What’s the point of an automated test? I humbly submit that it is to prove that your program does what it’s supposed to.
The things we want to say are incredibly simple. When some data goes in here, it comes back out over there. When it comes out over there, it’s been processed in a particular way.
And yet, in our practice we say neither of these things. We declare things about particular methods, and hope that the aggregate effect of the methods is correct. We declare that taking particular actions elicits a particular reaction, and then we have an infinitude of minor variations that mostly take the same paths over and over again.
So where is the ambition? Why do we not say what we mean? This data goes from hither to thither; and on its way, it gets processed in such-and-such a way. One might object: the data goes not merely from A to B; it comes from A, then goes to B, C, and D. To which I say, Then we can say that! And Two might object: the data gets processed in one way if it’s going to B, another way if it’s going to C; but there’s this other processing that happens to it, no matter where it’s going. To which I reply, That, too, we can say.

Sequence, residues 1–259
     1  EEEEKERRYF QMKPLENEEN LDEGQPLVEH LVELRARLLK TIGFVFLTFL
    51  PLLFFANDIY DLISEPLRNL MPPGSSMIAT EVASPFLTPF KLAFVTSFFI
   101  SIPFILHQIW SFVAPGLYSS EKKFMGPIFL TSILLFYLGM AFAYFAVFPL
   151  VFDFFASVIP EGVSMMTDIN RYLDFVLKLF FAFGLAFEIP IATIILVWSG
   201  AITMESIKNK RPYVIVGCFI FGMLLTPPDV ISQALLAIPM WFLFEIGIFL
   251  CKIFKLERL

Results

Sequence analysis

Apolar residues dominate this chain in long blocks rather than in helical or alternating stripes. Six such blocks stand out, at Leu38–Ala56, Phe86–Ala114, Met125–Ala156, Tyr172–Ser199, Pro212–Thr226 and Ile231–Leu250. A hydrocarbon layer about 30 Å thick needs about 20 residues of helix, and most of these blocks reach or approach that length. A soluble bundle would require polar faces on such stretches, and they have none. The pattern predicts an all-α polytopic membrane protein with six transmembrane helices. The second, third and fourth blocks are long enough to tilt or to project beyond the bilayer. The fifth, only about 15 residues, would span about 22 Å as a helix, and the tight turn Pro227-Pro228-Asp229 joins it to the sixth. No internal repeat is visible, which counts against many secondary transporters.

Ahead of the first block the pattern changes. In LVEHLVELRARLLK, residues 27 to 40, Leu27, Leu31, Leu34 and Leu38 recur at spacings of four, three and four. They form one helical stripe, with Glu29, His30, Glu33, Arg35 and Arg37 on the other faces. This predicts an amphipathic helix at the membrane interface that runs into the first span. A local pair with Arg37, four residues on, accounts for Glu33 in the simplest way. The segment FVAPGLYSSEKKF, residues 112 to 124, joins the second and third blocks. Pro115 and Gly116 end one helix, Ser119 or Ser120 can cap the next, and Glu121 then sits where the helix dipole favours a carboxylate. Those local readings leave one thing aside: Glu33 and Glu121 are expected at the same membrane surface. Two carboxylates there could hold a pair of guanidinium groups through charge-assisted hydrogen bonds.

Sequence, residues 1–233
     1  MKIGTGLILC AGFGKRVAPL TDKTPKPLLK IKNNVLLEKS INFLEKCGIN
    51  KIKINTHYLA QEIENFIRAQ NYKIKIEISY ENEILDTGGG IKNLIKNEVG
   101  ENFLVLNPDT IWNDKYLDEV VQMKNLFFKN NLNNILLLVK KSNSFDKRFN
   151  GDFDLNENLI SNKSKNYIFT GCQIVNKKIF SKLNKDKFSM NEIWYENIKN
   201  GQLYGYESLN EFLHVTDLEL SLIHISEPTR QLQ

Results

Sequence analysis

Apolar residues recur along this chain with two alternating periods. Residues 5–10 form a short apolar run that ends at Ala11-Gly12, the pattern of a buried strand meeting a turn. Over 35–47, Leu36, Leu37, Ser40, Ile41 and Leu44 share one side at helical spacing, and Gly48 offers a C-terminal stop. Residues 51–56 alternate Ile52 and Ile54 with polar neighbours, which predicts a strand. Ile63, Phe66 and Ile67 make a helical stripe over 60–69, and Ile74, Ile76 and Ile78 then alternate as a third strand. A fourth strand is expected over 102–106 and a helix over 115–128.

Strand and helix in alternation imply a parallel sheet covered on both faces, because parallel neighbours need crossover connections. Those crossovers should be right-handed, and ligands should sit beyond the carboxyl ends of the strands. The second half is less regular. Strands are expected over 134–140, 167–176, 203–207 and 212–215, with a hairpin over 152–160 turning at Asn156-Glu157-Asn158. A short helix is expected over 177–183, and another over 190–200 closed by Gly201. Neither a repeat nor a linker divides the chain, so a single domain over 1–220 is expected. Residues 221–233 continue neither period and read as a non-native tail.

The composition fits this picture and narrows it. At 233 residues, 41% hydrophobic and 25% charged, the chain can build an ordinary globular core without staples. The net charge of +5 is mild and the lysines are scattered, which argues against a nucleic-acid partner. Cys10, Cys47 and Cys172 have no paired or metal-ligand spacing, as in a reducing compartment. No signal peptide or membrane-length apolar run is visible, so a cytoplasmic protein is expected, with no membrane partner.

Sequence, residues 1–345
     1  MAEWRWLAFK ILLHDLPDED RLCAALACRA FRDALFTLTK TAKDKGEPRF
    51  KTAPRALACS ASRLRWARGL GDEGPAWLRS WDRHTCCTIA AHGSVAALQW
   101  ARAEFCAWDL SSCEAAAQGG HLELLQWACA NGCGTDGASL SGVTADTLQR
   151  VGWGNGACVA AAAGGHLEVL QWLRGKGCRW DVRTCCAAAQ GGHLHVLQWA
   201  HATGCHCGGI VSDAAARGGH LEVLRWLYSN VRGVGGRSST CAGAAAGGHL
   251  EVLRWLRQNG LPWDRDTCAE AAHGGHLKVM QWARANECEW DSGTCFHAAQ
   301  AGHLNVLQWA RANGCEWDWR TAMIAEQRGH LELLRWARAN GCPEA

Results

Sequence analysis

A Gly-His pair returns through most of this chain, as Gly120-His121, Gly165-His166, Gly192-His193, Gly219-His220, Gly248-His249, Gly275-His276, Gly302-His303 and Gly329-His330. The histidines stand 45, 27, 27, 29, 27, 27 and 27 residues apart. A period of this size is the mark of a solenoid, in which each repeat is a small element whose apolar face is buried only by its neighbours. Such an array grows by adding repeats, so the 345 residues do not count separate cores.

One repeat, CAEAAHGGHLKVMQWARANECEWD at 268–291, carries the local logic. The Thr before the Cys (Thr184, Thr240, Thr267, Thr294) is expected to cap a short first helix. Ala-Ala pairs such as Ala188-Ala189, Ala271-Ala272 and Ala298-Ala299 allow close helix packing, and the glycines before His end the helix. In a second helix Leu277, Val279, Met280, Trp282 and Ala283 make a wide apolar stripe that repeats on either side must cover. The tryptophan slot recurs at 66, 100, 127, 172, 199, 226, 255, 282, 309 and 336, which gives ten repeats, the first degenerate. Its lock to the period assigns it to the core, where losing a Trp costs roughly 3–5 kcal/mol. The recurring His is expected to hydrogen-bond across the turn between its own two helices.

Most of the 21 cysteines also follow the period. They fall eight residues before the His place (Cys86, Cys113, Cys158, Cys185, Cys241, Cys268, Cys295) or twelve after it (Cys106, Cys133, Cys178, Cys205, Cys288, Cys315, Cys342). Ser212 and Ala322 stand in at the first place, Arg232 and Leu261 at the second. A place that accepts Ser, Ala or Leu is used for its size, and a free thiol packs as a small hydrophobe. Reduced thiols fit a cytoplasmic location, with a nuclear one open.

I wish we said these things.